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Diocese of Braganca-Miranda

Portuguese diocese

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Braganca-Miranda, DIOCESE of (Brigantiensis), is situated in the northeastern part of the Kingdom of Portugal, in the civil province of Tras-os-Montes, and lies between 2° and 3° 3′ of longitude west of the meridian of Madrid, 41° 20′ and 42° of north latitude. It is bounded on the north by the Dioceses of Astorga and Orense, on the east by those of Salamanca and Zamora, on the south by that of Lamego, and on the west by the Archdiocese of Braga. The civil province is bounded on the north and east by the frontier of Spain comprising portions of the Provinces of Salamanca, Zamora, Leon, and Orense. The greater part of the territory of this diocese is undulating and mountainous and is traversed by several rivers, which, rising in the Sierras de Sanabria and the Sierra Seca y Segundera, flow from north to south, emptying finally into the river Duero. The climate in general is cold especially in the mountainous region. The southern part and the banks of some rivers and the level tracts of land, such as the one in which Braganca is situated, are fertile, but the rest is unproductive of cereals, although there are broad tracts of land that pasture large herds of cattle which supply a great part of Portugal and Spain with meat.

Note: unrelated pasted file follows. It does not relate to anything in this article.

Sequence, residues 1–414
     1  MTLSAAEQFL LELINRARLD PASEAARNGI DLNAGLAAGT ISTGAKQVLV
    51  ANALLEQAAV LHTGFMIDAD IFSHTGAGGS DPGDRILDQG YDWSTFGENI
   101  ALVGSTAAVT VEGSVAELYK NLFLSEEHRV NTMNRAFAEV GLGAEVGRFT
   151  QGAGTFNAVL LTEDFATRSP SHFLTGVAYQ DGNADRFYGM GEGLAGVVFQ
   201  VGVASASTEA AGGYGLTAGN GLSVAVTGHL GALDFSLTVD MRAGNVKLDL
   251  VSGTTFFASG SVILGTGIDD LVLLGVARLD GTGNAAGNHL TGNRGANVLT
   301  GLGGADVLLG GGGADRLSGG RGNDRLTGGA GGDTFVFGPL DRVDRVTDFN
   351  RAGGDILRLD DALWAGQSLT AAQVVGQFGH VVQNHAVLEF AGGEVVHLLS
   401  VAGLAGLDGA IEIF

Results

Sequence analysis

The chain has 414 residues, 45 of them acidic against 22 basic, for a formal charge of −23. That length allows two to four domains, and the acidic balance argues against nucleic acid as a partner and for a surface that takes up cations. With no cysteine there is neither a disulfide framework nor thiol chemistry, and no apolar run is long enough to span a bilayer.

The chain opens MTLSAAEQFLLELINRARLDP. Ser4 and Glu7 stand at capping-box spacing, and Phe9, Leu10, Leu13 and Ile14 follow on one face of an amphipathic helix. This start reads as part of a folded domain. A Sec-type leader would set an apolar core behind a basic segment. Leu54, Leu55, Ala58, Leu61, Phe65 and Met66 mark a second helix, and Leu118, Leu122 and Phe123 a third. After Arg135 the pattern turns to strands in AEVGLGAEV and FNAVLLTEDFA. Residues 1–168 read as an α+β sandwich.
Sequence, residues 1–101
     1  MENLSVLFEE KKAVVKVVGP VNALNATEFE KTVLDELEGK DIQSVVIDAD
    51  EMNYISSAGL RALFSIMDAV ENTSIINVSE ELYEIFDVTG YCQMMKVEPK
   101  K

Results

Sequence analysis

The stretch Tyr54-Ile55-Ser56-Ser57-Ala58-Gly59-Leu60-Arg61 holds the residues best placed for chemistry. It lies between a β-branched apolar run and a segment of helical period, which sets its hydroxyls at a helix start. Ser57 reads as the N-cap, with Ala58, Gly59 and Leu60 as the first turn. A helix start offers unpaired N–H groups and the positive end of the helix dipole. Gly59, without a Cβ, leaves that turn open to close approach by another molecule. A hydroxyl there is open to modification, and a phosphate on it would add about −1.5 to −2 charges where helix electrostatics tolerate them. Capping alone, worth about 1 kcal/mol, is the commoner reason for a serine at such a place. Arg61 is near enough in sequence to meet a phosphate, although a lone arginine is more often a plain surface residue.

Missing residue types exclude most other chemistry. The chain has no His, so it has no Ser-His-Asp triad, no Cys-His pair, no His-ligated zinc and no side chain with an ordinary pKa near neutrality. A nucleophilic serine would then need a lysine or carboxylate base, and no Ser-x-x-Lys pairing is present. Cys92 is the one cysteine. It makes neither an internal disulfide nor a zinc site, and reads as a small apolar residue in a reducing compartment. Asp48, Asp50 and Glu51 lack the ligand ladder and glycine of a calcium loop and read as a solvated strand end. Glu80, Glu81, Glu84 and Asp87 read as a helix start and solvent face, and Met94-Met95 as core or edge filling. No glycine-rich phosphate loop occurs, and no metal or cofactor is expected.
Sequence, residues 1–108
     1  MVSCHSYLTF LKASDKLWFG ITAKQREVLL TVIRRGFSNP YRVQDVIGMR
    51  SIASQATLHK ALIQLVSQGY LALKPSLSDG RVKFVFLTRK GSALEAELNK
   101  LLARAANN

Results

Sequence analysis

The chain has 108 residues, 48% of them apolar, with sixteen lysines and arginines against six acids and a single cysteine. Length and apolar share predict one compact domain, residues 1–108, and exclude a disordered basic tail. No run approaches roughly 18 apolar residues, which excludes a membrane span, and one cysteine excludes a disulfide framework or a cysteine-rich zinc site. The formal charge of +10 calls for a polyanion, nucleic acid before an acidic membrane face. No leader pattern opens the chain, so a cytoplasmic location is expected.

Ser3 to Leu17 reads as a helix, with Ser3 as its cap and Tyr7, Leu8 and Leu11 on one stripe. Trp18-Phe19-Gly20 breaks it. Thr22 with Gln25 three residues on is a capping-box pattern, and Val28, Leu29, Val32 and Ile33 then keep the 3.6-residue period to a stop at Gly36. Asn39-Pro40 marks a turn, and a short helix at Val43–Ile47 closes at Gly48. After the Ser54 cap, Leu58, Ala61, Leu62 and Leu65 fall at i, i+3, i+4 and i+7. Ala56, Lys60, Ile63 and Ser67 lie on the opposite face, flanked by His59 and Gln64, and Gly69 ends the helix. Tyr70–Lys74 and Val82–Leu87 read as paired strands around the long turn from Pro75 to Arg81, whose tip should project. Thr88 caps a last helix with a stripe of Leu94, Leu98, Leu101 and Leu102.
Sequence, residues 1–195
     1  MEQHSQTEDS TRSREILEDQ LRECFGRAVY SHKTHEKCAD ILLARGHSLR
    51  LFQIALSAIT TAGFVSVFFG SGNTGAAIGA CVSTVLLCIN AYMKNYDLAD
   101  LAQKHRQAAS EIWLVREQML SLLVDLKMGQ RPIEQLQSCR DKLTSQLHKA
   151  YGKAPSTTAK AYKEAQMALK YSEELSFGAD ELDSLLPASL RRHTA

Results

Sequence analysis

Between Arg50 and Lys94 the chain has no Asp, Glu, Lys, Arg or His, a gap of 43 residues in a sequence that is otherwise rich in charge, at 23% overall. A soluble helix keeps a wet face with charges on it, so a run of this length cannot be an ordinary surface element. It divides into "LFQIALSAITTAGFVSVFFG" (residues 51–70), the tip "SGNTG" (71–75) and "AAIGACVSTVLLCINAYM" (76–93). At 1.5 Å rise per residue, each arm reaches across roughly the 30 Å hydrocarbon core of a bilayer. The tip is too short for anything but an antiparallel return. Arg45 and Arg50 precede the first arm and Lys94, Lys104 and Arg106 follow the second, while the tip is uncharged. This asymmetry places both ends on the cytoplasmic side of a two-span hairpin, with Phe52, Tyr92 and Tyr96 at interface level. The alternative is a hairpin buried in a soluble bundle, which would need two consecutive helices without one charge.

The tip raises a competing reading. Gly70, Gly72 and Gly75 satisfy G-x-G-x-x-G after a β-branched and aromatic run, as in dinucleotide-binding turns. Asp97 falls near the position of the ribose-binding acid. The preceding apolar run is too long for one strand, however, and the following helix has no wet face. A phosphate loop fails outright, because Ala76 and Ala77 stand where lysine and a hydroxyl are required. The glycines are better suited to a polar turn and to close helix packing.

This see is comparatively modern. It was erected by Pope Paul III in the town of Miranda bordering on Spain, its territory being taken from the Archiocese of Braga, but Clement XIV in 1770 transferred it to Braganca, from which the name Braganca-Miranda is derived. The diocese is a suffragan of Braga. The city of Braganca, which is the capital of the province of Tras-os-Montes, is situated in a delightful valley near the confluence of the rivers Pervenza and Sabor. The cathedral, dedicated to the Annunciation, is one of the prominent buildings of the city. It has a very large chapter composed of the dean, nine canons, including the theologian, six beneficed clergy, eight chaplains, and six clerics. The episcopal household receives 1,166 florins from the Government for its support. The episcopal palace and the diocesan seminary for the education of students for the priesthood are large and spacious. Besides the cathedral there is another church which has collegiate rank, and throughout the diocese there are schools and classes for instruction in Christian doctrine. There is a hospital and a Monte de piedad, and before the secularization there were three religious communities, one of men and two of women. The city of Braganca is fortified, having a citadel or small fortress for its defense. The reigning house of Portugal is descended from the Dukes of Braganca and has occupied the throne of Portugal since the separation of Spain and Portugal in the time of Philip IV.



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